Valencia’s Legends: A ferocious dragon and a bat’s role in war (Part 1)

Valencia City

It was a Roman colony, an Arab city, and now a Spanish metropolis. Valencia, with a history that spans over 2,000 years, is an intriguing city full of legendary stories to tell. In the first of this two-part series, get set to be mesmerized with two of its best-known legends.

1.    An unexpected guest that saved the night

See the bat on the Valencia CF crest? This nocturnal flying mammal is also the city’s official symbol, with its origins dating way back to the 13th century. Apparently, the renowned Aragon king James I owes his conquest of Valencia to a bat.

Legend has it that when he was sound asleep, the small animal entered his tent and awoke him. This timely encounter led to his discovery of a planned surprise attack from the Moors. The king was then able to thwart his enemy and win the war.

In gratitude, James I decided to designate the bat as an official symbol for the city, one that is still in use 800 years later.

2.    A fearsome shape-shifting dragon

Within Valencia’s Colegio del Patriarca dwells an enormous reptilian that according to legend, used to terrorise residents for years.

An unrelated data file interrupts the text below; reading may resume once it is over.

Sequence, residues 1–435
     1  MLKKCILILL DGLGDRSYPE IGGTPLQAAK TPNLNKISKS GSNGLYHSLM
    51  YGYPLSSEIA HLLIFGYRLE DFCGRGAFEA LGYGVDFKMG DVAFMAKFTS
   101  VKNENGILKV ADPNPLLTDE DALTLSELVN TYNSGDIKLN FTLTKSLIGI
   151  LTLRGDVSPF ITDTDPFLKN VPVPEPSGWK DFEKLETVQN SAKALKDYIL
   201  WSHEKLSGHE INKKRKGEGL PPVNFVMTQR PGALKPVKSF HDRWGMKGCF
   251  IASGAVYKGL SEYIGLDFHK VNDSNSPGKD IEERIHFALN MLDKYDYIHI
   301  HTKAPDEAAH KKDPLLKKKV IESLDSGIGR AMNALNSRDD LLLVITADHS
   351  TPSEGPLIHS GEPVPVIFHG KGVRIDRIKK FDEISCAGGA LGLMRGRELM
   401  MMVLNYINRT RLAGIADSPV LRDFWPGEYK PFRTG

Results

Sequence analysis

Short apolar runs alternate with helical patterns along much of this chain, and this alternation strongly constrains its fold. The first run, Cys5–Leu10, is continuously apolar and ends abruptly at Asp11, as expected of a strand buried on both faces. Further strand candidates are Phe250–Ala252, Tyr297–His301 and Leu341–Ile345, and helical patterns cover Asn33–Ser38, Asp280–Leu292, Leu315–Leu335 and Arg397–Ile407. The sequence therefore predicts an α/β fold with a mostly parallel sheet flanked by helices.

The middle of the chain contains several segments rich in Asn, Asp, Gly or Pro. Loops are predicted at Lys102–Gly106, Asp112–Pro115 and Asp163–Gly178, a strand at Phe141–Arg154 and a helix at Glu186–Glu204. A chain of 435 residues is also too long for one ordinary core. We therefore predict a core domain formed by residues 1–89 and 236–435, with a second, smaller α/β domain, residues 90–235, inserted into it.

This rogue crocodile, which used to inhabit the now dried up riverbed of the Turia Gardens, was said to have the ability to turn into a dragon. Nothing could take down the beast — that is, until a brave man emerged.

Suited up in a peculiar armour with mirrors attached from head to toe, he went into battle. Some say this hypnotised the dragon and bought time for him to pierce it with a spear. Others believe the dragon was knocked out from the mirrors’ blinding reflections.

In truth, the giant stuffed crocodile that hangs on the chapel’s walls was actually a gift from the Marquis of Monterrey, brought back from Peru in 1606. 

Can’t get enough of these scintillating stories? Keep an eye out for part two of this series!

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